Newer Rheumatoid Arthritis Drug Might Raise Heart, Cancer Risks
HealthDay reports on study findings published in the New England Journal of Medicine finding the rheumatoid arthritis (RA) Janus kinase (JAK) inhibitor treatment tofacitinib carries higher risk of heart attack, stroke and cancer when compared tumor necrosis factor (TNF) inhibitors, an older class of RA treatments.
HSS physician-in-chief and chair of the Department of Medicine S. Louis Bridges, Jr., MD, PhD, who was not involved in the study, commented on potential impacts of the findings for patients and providers.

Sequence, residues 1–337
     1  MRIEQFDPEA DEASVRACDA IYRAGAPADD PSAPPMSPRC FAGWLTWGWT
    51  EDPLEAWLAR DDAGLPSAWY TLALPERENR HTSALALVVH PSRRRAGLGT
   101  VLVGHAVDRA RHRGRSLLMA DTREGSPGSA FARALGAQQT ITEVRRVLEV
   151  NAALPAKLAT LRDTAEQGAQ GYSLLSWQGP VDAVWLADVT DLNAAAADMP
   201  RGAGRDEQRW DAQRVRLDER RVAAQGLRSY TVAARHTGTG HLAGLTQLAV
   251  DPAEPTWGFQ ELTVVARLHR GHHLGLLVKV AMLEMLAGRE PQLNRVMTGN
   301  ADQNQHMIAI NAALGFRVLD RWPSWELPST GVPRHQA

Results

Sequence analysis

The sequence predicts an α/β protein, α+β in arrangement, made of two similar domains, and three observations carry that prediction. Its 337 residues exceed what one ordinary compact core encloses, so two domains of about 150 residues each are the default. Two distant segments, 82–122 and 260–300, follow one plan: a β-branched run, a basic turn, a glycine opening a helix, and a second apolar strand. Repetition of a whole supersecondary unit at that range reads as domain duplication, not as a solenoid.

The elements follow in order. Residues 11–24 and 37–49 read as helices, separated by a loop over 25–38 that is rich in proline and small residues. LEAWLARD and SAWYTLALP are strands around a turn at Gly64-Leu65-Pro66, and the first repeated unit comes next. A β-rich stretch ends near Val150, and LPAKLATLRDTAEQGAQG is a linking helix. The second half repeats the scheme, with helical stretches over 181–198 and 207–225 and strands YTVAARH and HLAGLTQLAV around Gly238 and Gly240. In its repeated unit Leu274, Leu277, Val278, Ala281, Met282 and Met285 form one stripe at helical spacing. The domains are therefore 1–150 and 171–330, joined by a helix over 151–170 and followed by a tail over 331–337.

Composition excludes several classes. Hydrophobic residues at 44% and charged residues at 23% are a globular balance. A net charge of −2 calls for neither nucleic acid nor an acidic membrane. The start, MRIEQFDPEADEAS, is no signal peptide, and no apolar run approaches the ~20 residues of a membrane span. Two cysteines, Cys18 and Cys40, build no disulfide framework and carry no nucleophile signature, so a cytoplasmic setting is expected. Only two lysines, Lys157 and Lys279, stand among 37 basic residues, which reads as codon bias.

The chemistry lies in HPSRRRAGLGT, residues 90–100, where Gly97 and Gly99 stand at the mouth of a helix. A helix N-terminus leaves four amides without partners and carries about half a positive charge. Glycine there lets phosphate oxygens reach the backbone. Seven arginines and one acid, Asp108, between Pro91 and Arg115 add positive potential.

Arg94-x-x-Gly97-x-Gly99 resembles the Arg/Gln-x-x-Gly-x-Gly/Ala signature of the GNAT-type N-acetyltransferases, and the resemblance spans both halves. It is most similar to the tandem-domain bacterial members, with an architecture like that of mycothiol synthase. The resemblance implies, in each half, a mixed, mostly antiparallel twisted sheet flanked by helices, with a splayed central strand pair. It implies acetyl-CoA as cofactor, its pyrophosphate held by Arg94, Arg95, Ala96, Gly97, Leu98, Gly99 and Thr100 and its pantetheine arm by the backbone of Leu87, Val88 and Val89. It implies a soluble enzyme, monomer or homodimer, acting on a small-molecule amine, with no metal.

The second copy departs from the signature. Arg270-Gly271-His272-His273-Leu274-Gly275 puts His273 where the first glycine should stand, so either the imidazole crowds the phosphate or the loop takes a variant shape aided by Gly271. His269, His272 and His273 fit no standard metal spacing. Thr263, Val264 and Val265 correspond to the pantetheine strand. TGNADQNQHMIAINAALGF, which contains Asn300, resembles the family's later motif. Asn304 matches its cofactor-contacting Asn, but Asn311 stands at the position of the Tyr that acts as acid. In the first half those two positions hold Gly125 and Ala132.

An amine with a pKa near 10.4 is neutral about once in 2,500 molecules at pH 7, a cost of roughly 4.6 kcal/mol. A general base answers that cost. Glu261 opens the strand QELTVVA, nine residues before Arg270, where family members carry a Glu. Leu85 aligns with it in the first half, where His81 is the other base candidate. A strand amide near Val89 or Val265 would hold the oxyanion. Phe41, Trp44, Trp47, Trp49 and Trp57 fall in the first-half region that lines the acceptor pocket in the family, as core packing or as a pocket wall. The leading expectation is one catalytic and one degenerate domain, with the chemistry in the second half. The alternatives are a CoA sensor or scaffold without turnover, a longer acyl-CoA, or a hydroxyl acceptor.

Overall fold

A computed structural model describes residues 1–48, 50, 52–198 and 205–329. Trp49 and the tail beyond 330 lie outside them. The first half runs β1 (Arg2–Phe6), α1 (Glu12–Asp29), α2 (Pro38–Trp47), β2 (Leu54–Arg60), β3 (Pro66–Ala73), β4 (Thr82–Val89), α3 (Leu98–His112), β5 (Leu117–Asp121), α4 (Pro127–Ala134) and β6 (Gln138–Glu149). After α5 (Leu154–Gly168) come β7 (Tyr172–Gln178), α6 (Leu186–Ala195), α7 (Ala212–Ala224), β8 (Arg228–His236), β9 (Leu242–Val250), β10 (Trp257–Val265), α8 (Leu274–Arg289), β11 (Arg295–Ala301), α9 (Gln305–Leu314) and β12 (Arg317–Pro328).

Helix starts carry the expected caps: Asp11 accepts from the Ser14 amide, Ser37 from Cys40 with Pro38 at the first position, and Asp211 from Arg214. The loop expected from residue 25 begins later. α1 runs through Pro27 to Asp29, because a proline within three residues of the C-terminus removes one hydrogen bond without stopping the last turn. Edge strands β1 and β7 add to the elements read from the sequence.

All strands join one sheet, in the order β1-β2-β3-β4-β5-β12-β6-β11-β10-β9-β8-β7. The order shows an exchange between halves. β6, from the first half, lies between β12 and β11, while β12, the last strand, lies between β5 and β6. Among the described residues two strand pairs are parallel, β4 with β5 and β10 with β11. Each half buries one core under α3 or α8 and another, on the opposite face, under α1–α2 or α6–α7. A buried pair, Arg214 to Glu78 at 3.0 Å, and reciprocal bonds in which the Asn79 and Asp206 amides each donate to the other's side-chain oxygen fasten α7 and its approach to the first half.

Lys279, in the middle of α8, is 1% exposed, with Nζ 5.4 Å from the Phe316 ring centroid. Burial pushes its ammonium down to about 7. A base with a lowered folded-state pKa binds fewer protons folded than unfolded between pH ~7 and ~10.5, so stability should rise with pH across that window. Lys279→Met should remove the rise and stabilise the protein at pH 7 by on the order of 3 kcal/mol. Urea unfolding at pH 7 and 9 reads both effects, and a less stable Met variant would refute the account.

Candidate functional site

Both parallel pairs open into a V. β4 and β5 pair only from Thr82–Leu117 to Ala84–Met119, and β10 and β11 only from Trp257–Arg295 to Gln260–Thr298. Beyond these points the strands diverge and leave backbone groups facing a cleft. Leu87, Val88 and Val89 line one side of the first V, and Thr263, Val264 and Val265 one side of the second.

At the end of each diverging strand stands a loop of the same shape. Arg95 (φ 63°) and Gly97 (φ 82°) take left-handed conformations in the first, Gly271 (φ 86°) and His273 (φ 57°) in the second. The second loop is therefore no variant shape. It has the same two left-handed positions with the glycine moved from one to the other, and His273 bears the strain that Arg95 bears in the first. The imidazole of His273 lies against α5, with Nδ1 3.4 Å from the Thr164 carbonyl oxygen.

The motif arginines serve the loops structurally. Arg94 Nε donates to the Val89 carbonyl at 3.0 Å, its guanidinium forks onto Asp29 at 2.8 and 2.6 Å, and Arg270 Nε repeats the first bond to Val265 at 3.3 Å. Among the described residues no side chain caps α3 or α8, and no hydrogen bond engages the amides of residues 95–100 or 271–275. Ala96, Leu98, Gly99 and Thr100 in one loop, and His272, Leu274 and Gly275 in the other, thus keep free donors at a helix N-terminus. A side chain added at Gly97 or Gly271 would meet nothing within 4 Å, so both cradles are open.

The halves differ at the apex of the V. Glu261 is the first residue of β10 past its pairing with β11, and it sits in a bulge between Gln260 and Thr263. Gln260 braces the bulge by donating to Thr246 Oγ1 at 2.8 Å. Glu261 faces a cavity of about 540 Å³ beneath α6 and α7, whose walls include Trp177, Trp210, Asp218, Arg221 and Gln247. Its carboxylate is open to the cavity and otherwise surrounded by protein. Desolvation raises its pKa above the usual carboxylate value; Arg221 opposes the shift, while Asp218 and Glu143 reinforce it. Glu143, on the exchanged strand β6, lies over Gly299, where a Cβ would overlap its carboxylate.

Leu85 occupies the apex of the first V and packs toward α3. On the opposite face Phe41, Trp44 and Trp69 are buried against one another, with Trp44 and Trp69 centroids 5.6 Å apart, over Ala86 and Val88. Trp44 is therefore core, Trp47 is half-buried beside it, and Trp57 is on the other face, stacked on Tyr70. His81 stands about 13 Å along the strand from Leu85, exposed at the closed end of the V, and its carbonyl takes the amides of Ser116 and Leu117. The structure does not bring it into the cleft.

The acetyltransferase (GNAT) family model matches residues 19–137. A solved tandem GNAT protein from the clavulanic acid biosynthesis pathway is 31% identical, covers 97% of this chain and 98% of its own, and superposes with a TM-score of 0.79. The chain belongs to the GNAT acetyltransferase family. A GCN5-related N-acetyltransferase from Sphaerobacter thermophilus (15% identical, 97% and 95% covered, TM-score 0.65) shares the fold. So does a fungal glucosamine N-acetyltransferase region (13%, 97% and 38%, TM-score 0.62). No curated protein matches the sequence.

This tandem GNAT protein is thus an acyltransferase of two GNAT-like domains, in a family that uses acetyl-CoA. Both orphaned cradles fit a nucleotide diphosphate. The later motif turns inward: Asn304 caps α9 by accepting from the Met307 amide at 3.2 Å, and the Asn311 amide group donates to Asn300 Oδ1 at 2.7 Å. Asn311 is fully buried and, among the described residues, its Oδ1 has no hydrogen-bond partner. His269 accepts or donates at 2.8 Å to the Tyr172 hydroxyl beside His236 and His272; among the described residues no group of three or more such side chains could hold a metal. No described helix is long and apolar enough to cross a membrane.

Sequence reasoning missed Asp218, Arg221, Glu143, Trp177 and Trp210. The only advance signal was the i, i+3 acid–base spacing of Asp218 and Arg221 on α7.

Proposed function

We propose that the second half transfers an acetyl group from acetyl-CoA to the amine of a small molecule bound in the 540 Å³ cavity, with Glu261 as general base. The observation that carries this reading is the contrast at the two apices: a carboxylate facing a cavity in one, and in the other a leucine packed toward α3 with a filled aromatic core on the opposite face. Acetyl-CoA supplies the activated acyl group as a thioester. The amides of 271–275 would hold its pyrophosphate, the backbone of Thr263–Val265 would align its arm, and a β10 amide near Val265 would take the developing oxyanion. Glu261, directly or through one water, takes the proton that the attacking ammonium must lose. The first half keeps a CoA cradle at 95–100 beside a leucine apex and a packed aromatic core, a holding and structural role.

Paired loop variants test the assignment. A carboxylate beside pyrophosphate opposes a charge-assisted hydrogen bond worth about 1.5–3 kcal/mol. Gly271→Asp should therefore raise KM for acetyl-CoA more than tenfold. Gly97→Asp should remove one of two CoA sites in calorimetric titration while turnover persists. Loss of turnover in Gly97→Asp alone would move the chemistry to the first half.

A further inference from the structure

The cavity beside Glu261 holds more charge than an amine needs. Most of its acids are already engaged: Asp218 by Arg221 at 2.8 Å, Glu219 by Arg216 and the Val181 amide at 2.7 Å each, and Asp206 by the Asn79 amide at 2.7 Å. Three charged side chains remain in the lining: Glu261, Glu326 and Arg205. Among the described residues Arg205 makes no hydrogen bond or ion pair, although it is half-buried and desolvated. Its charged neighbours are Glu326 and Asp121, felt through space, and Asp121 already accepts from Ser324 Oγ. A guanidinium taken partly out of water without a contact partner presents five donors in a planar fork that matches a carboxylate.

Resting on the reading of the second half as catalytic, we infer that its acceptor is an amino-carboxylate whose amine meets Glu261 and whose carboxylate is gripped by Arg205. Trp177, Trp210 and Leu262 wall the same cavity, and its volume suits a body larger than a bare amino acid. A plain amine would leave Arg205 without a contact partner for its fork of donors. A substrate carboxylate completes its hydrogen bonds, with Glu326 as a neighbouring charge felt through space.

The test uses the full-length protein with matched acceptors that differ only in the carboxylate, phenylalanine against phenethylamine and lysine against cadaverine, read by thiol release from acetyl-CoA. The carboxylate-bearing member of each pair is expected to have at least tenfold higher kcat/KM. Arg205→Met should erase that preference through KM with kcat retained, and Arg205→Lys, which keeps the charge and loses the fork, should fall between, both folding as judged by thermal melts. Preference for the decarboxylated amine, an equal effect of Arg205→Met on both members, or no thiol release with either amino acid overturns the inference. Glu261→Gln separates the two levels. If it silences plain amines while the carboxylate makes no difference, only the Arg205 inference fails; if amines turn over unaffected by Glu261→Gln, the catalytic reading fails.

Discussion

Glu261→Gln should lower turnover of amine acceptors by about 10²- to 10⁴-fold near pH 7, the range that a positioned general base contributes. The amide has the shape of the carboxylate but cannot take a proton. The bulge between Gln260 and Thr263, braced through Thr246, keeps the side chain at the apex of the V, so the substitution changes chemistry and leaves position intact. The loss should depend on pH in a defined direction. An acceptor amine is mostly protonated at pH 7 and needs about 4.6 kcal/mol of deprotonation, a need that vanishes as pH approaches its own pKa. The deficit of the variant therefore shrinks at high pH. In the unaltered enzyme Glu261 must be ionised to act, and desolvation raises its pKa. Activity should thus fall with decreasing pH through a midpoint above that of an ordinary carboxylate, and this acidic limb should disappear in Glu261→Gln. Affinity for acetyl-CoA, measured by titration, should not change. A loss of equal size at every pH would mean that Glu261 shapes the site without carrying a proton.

Dr. Bridges noted that there are many factors for patients to consider in deciding whether to continue a JAK inhibitor.
He explained for RA patients, finding a medication that works can be a process of trial-and-error -- and many of those on a JAK inhibitor may have already tried a TNF inhibitor. If the current medication is effective, than those benefits have to be weighed against any risks. Dr. Bridges advised having that conversation with a doctor.
“We need to look at the individual, and his or her personal risk factors for cardiovascular disease and cancer,” he explained.
Dr. Bridges added that patients' personal preferences -- including wanting an oral medication over injections or infusions -- are also important.
Read the full article at Healthday.com. Additional coverage: Medicalxpress.com.